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They Can’t Take That Away From Me

Lynn Brubaker

I was reminded yesterday that it was Ella Fitzgerald’s birthday. I grew up with Ella playing on scratchy LPs as I danced around the den on top of my father’s feet, listening to him sing off-key.

My father had eclectic taste in music, and he clearly felt it was one of his greatest parental obligations to introduce us to all of it.

Music, for my father, was more than a song. It was a story.

He would play the staples of his college days–The Rolling Stones, Bob Dylan, Simon and Garfunkel–and tell us the story of the anti-war movement, the drug culture, and the sexual revolution. He would play Broadway show tunes and tell us about political corruption in Chicago, the gangsters and bootleggers of the 30’s, or wartime in London. He would play Motown and tell us of growing up in the south and how music changed his generation’s views on race. He would play some new band and remind us that songwriters are the poets of modern society. Read more...

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Joy Comes in the Morning

2016-04-21 00.16.09
The night my father died, I did not sleep. My mind was humming with the kind of things you think about after your dad dies.  But mostly I was thinking about how to tell my children. How to tell them that everything had changed but that everything would be okay. How to counter the blows which their faith in God, still nascent and unquestioning, would suffer. How to protect their innocence, their joy.

I sat on a sofa, waiting for them to come around the corner. My 7 year was the first one down, his hair askew, holding his blanket around his neck like a superhero cape. The child whom, a few hours earlier, I had held while the paramedics tried to resuscitate my father. The child who believed the reassuring words I had whispered in his ear to muffle the sounds of the static on their radios. He rounded the corner cautiously, afraid of what he might find, yet positive, in the way that only a child can be, that there was a happy ending.  My 5 year old followed him, blissfully unaware that the world he knew when he fell asleep was no longer the same. Read more...

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A Mother’s Farewell


Update: See this piece featured on Mamapedia!

A few weeks after we were married, Billy and I strolled into a coffee house in Alexandria. There on the bulletin board was a sign advertising beagle puppies born on our wedding day. If ever there was a sign, this was it. It seemed serendipitous to start our new life together with a little ball of fur to whom we were forever joined by a sunny day in January. We named him Charlottesville, in honor of the place where we met and fell in love.

Charlie shared our first home, our first months as newlyweds, our late nights and our early mornings. He took our loud voices and our moves in stride. We cut our parenting teeth on him, learning that when you become a parent, the things you give up pale in comparison to what you receive. Read more...

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Image courtesy of Pexels
Image courtesy of Pexels

My favorite time of the day is the space between sleep and wakefulness, when you are vaguely cognizant of being warm and comfortable and you have not yet remembered the things that hurt. The blurry place before the light sharpens into hard angles when you cannot yet distinguish between what you have dreamed and what is real.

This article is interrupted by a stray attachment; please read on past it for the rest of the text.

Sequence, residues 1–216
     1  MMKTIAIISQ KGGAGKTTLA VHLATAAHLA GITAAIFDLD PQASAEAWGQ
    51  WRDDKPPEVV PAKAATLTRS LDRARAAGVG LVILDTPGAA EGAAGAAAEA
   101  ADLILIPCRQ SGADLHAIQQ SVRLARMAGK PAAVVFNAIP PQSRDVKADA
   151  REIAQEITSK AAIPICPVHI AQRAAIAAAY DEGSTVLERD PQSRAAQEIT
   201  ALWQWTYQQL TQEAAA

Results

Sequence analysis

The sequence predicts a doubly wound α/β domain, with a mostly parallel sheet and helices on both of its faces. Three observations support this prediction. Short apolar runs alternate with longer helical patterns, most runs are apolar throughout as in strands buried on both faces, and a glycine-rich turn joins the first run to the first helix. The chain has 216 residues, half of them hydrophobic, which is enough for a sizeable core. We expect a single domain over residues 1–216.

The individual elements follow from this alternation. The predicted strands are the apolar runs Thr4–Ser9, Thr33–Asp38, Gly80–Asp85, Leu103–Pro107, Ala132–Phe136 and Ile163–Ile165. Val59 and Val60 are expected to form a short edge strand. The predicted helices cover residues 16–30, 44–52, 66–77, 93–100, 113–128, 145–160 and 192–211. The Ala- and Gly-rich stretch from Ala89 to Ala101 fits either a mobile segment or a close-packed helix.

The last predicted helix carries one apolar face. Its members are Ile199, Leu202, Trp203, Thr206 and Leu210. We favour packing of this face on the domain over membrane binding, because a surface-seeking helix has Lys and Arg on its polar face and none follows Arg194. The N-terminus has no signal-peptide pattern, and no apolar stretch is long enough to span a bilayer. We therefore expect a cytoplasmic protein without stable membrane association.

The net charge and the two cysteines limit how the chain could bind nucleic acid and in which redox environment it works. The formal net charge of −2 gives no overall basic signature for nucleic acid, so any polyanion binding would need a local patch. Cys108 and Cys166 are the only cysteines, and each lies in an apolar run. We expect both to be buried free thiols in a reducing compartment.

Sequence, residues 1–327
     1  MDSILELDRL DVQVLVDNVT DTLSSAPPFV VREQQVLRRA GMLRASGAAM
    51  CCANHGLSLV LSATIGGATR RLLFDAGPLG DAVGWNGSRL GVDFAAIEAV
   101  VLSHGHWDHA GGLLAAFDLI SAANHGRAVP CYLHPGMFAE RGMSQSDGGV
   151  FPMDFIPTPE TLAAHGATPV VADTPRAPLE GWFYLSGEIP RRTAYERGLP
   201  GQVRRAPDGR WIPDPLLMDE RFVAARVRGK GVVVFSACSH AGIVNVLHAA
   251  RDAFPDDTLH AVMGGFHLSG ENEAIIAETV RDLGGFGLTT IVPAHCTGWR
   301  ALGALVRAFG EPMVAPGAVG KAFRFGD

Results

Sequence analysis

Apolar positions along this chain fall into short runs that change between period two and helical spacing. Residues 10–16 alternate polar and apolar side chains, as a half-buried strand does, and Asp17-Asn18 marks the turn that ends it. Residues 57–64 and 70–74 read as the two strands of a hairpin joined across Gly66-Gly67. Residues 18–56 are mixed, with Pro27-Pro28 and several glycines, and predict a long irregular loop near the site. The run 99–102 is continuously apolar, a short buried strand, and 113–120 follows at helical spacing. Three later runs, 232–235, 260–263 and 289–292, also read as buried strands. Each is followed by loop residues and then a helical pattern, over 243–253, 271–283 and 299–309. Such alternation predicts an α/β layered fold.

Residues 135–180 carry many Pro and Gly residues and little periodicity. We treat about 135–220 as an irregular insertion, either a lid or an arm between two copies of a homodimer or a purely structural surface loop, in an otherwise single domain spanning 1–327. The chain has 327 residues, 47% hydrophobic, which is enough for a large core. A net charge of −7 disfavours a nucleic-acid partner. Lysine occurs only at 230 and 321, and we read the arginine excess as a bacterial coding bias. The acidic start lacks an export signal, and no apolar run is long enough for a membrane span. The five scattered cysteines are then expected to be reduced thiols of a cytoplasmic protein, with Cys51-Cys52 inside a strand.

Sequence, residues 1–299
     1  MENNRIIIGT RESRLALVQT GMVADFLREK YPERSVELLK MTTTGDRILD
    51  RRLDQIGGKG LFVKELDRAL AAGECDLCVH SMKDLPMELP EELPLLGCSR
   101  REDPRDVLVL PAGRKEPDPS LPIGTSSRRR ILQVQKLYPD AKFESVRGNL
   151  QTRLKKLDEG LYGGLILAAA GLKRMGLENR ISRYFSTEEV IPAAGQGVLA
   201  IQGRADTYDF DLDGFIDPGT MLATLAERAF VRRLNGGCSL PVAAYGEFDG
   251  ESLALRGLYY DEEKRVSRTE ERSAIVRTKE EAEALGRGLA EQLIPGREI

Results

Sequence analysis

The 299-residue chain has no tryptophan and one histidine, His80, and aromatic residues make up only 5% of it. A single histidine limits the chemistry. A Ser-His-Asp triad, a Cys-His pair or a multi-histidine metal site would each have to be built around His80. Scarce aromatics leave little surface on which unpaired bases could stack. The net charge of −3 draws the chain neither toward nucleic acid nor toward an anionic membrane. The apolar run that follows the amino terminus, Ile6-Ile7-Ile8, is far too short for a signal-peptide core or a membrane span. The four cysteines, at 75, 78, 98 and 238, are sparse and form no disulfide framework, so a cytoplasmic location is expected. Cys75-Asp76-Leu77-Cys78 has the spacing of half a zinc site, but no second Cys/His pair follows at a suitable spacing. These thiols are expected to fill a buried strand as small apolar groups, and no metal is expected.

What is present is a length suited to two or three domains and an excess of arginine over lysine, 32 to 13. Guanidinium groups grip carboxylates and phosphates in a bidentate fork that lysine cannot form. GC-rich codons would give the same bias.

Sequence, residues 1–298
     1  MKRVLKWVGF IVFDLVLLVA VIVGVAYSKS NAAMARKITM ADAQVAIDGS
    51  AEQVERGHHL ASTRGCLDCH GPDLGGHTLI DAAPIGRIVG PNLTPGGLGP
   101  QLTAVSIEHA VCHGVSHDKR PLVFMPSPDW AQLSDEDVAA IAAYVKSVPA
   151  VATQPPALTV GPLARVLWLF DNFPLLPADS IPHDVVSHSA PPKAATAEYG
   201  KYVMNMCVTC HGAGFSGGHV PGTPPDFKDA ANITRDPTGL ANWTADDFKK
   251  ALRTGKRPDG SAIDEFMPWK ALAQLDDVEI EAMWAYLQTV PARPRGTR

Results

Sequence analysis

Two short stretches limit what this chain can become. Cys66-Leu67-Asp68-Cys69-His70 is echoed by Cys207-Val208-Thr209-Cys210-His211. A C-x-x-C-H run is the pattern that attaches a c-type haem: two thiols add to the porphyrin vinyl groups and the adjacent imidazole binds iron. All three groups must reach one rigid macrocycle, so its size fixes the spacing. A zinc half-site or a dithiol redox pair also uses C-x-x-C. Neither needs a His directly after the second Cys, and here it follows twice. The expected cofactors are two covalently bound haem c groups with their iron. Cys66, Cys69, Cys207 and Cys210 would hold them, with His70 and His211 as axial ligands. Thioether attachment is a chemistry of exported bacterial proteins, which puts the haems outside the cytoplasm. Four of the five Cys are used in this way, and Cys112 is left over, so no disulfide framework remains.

The place where, for one brief moment yesterday, I had a father again.

Like most of my dreams, this one came back to me in a series of disjointed pictures. We were looking for something. Keys one minute, pieces of a puzzle the next. One nameless object after another. Read more...

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Three weeks into the college football season and most Wahoos are already looking forward to the start of basketball (T minus 48 days in case you’re wondering). It’s always hard to be a UVA fan, but the last few years have stretched even the most faithful of us to our limits. On the other hand, I suspect the pharmaceutical industry is sending Coach London a big ol’ gift basket every week.

Indeed, many of the faithful, some who have been season ticket holders for 40 years, have just stopped going to games. Read more...

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August 21st

One year ago, as our family vacation at the beach drew to a close, I felt more than the usual end-of-vacation melancholy. All summer long we had been living with my mother, sheltering each other after my father’s unexpected death in July. And it had worked like a dream: in that idyllic bubble we created, temporarily freed from any commitments or expectations, we had managed to buffer each other from the worst of the shock and pain.  But like all dreams, it couldn’t last. After our vacation, we would be returning not to my mother’s house and our safe little bubble, but back to our house. Back to real life. And I wasn’t sure I was ready for it. Read more...

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The Last First: A Year of Grief

2014-10-07 14.27.41***Update: See this post featured on Scary Mommy and The Mighty!

In the last 365 days since my father’s death, we have faced and surmounted a litany of firsts – from big ticket items like holidays, birthdays, and anniversaries to smaller hurdles like the first time my mom had to zip up her own dress or the night I absentmindedly called my dad’s phone and heard it ringing in my own desk.

Today is the last first. The first anniversary of his death.

In some ways, it feels like just yesterday he was standing in my kitchen and in others, it feels like I have aged a lifetime in these 365 days. A year is so short but the days are so long. Read more...